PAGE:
spring-applied manure, planter row fertilizer, both
together, and neither. These make a two-by-two factorial
design where each factor (manure and planter row fertilizer)
occurs with both combinations of the other factor.
The table shows that manure-plus-fertilizer gave the top
yield, but, again, not the best profit. That honor went to
the manure-only treatment.
The two factors, manure and row fertilizer, can be evaluated
on their own, as shown in the table. Averaged over
treatments, both manure and row fertilizer were
statistically significant factors for corn yield. However,
while manure overall was associated with a $5.54 per acre
benefit, the factor of row fertilizer led to an overall
The Thompsons carried out a similar trial in a soybean field
that will go to corn in 1996 (Table 5, "table5.wmf," field
5). There the planter row fertilizer increased soybean
yield over the check treatment but not sufficiently to pay
for itself. Spring-applied manure did not increase yield
and led to an even greater loss. These fields have
benefited from manure for many years, and it isn't
surprising that soybeans failed to respond to a single
application. Soil test phosphorus and potassium are both in
the very high range.
30^ Hazelnut Establishment Trial
Two PFI farmers in northeast Iowa have invested in
diversification, planting a perennial crop - hazelnuts. Tom
and Irene Frantzen, Alta Vista, and Mike and Shelly Natvig,
Cresco, want to know the most cost effective way to get
young hazel plants through their first years of life. With
help from PFI Sustainable Projects and the Organic Farming
Research Foundation, they established a trial on both their
farms to answer the question (Table 6, "table6.wmf").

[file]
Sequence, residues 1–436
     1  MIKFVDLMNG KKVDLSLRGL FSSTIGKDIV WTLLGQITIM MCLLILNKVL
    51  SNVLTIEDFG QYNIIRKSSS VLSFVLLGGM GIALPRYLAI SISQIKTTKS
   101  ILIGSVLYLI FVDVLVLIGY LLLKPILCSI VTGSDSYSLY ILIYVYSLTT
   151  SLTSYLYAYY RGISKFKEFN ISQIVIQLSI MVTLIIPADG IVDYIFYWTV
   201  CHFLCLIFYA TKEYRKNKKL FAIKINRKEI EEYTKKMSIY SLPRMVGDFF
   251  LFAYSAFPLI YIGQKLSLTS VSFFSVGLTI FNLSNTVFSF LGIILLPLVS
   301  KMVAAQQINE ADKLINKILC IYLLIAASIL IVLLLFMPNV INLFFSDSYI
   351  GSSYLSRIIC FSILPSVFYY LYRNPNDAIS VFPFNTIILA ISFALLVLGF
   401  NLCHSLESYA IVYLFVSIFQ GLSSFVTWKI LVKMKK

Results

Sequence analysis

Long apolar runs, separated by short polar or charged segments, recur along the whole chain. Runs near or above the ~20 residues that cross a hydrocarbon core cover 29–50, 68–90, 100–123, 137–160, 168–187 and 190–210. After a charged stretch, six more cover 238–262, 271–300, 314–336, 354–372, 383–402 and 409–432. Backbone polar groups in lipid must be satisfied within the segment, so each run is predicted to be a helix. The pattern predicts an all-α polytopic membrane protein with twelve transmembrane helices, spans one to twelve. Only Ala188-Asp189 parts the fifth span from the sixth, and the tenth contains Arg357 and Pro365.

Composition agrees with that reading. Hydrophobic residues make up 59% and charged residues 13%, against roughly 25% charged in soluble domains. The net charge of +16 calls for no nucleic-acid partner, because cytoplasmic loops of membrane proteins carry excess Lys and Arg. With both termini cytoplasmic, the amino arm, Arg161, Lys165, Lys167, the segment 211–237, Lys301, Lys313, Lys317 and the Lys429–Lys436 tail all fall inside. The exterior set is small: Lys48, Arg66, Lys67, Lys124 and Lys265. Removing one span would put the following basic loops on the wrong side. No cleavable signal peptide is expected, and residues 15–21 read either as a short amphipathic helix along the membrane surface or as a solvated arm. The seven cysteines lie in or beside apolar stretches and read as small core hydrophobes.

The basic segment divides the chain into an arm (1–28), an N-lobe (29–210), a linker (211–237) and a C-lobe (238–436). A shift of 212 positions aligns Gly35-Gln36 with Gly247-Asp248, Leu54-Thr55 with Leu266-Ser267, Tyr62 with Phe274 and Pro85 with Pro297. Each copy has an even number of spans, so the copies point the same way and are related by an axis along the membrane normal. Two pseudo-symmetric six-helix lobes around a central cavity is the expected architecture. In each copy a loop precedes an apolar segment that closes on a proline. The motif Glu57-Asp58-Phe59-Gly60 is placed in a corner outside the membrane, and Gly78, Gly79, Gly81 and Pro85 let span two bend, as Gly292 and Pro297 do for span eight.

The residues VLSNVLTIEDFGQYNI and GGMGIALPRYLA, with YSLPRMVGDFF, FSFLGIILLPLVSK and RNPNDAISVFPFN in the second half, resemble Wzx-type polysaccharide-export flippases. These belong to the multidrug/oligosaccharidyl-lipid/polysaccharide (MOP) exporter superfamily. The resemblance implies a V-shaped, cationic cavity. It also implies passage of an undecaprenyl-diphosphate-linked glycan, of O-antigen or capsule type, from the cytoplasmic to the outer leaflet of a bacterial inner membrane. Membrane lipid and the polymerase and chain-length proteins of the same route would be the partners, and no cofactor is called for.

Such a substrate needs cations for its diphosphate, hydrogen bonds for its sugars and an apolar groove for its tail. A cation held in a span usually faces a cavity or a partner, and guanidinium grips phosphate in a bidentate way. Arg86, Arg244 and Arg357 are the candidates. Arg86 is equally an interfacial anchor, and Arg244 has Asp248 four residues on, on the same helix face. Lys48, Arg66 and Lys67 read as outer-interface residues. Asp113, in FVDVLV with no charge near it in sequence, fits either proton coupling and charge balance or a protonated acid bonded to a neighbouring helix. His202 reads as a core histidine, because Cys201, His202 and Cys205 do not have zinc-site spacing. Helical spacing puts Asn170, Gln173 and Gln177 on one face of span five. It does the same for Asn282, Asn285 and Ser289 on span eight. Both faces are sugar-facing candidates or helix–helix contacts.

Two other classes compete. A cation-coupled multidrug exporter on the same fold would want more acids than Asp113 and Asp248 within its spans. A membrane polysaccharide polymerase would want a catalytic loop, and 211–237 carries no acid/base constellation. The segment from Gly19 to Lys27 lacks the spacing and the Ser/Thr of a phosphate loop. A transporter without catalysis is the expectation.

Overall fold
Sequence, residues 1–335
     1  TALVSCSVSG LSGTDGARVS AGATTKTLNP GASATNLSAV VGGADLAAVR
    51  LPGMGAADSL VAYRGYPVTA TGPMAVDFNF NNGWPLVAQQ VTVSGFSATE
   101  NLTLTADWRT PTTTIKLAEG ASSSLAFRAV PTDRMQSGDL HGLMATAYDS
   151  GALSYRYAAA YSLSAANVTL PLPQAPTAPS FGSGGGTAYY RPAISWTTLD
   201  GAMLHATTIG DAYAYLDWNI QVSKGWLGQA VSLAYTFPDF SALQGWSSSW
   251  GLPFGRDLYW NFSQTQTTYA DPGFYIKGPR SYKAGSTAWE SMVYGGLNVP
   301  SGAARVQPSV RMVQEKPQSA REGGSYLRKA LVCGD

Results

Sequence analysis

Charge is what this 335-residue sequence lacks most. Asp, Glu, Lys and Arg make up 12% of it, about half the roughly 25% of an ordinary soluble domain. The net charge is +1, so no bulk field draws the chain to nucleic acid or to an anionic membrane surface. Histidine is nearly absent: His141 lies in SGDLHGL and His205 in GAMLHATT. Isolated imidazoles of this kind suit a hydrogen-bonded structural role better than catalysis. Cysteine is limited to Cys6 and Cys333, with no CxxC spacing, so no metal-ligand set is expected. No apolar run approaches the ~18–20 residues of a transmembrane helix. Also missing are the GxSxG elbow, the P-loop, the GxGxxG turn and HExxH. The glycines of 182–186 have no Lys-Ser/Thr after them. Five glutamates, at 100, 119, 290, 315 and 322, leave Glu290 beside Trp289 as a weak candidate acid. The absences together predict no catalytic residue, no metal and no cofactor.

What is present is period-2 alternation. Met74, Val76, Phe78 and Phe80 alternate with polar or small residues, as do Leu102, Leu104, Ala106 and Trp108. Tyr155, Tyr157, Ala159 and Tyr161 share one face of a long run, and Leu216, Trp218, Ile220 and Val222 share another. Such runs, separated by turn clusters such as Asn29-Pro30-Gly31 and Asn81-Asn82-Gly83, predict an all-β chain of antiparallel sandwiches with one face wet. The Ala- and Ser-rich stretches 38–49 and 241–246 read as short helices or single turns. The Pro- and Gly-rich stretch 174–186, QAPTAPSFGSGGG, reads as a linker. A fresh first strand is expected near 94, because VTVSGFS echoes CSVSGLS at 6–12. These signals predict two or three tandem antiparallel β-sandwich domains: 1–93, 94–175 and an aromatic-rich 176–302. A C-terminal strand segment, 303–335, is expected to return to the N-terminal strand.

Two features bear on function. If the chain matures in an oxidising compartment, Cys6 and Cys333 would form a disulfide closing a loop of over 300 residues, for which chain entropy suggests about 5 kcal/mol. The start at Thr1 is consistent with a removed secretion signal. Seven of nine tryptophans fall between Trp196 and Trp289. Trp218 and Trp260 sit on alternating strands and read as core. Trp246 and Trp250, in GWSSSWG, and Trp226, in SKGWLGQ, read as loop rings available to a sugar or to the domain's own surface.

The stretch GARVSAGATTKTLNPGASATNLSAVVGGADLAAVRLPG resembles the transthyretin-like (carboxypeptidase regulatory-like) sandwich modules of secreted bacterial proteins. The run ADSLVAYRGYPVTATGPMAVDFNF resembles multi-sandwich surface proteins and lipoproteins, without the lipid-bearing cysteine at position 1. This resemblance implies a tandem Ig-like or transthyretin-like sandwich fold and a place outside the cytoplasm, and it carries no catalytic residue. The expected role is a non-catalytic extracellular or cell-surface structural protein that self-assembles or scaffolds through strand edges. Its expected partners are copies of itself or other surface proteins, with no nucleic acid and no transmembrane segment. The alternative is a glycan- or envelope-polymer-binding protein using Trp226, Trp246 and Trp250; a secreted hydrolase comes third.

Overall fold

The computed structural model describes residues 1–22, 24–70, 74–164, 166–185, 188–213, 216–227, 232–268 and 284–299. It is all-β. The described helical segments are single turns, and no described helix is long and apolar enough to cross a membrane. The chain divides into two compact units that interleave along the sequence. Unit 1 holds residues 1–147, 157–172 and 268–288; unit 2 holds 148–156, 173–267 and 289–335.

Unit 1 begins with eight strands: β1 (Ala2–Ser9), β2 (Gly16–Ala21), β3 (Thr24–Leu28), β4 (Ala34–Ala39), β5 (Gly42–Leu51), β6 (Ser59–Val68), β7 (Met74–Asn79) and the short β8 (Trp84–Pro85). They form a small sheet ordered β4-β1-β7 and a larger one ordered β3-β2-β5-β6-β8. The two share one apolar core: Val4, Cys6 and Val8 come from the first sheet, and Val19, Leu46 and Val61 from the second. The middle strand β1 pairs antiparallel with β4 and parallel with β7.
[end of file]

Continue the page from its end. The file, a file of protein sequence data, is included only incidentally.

Carrying out the same trial on more than one farm can be a
very powerful tool, because results can be applied more
There were two approaches to establishing hazelnut
transplants that these producers wanted to evaluate;
protective tubes and ground maintenance. Tubexr tubes are
made of plexiglass and are used to protect young trees and
bushes from extremes of weather and browsing deer and
rabbits. Elevated humidity inside the tubes reduces stress
on the plants during the growing season, and the tubes give
some winter protection as well. Traditional methods of
establishing transplants have reduced competition from weeds
by keeping an area of bare ground around the plants.
Sometimes a mulch has been used to accomplish the same
thing. Mulch also buffers changes in soil moisture and
temperature, and it requires less total labor than
maintaining the bare ground.
The Frantzens and Natvigs set out a two-by-three factorial
experiment. Three methods of ground preparation were
included: bare ground, wood chip mulch, and no ground
preparation at all. Each of these three methods was tried
with and without the Tubex tubes. Each farm had six
replications of these six combinations. Table 6
("table6.wmf") gives results overall for both farms
together, and it shows the two factors (one a two-level
factor and the other a three-level factor) rather than the
six individual treatments.
In late June they transplanted their hazelnut seedlings into
rows deep-ripped with a single shank chisel. At the end of
the season, they measured several growth parameters,
including plant height (in centimeters), plant diameter (in
millimeters), and the number of bud nodes. The end results
won't be known until at least one winter has passed, but the
first year data tells a story. Plants with Tubex averaged
25 percent taller than those without, and they also had
greater diameter and more nodes. All these differences were
Ground preparation also made a difference. Plants with no
preparation or with bare ground were significantly taller
than those with wood chip mulch. Plants with bare ground
maintained had significantly greater diameter than plants
with no ground preparation, while the diameter of mulched
plants was intermediate. There were no significant
differences in number of nodes, except when tubes were not
used. Then plants with no ground preparation had
significantly more nodes than mulched plants, with the bare
ground treatment falling in between. The height differences
between treatments were also greater when tubes were not
At the experiment's completion, there may be a trade-off
between effectiveness and cost. Some of these methods have
only initial costs, others have ongoing costs. If hazel
plants survive better or come into production sooner with
certain methods, those benefits may outweigh the costs. The